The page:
• God Kotaku does my head in. If a Western game had this attitude towards women it’d be the end of the world. If a Japanese game does it, it’s a travesty if someone tries to prevent it from coming here.

    Are we all just going to pretend that Japanese erotica isn’t obsessed with underage girls? Are we going to pretend that it’s not riddled with school girls? Is it a secret that they deliberately make girls look/sound/act like children in animated things because they know they can just slap a line or disclaimer in that says the person is 18 (or my favourite, the old 1000 year old demon trick)?

    Japanese erotica is weird. I could be wrong, but I thought it was perhaps even somewhat famous for this. Remember also that these characters aren’t based on real people and they’re made deliberately, and deliberately to be objects of desire. One of them was deliberately made to appear child like.

    I agree the ratings board is inconsistent, and all the other stuff. You can argue technicalities about this one, but I don’t think the conclusion they reached is at all unreasonable, or racist for that matter, which is such a casually stupid and insulting thing to say about people.

    • Kotaku didn’t really comment on whether they thought it was good or bad, it’s just the facts around the ruling.

      • Sorry, you’re right, I should have been clearer in what I was saying. I meant overall the Kotaku community. The actual article on this is perfectly good.

    • Well played. I fully agree with you that the classification board got this right.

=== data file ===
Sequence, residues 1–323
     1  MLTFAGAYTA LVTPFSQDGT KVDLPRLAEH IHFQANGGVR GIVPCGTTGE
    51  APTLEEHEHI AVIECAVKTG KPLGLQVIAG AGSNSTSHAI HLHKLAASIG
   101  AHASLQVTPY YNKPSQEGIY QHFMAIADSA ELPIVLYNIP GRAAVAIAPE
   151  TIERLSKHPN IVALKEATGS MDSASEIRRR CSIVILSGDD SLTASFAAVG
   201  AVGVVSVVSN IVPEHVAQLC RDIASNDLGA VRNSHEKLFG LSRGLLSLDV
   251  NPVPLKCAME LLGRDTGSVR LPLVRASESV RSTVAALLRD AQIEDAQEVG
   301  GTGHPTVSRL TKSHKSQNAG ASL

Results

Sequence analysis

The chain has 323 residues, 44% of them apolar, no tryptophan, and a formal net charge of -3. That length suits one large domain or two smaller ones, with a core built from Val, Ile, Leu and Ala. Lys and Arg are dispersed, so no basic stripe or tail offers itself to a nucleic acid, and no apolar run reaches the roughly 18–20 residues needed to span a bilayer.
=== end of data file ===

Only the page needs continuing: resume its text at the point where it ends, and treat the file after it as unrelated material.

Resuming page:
You’re also correct in pointing out that if a western company or individual submitted the same game for classification they’d be chased down the road (or off Twitter, more likely) with pitchforks by a good portion of the people complaining about “censorship”.

      • I don’t think that’s right. The Kotaku community is generally very supportive of games where sexualised content is the entire point. Complaints are usually levelled at non sex-games that sexualise their female characters. The point, I think, is that games that are supposed to have a broader appeal should not alienate half (roughly) their audience. Then again Dragon’s Crown got some thoroughly mixed messages on this topic. I wonder if it came down to whether the commenter thought it was meant to be a sexy game or not.

    • Or maybe Japan hasn’t been damaged by religion, forgetfulness, and pretense like your country has.

  • Not that I particularly disagree. However the fact is in the case of AU, the country is generally out of step with the rest of the western world.

    It is not “frowned upon” except by certain groups. And on a classification level it is only really frowned upon here. Hence why the game enjoys a perfectly normal release and classification in other western countries.

    • Like @negativezero pointed out, this approach opened up a loophole where people took actual child porn, put a cartoon-y filter over the top of it, and then could say it wasn’t actual footage so it wasn’t technically illegal.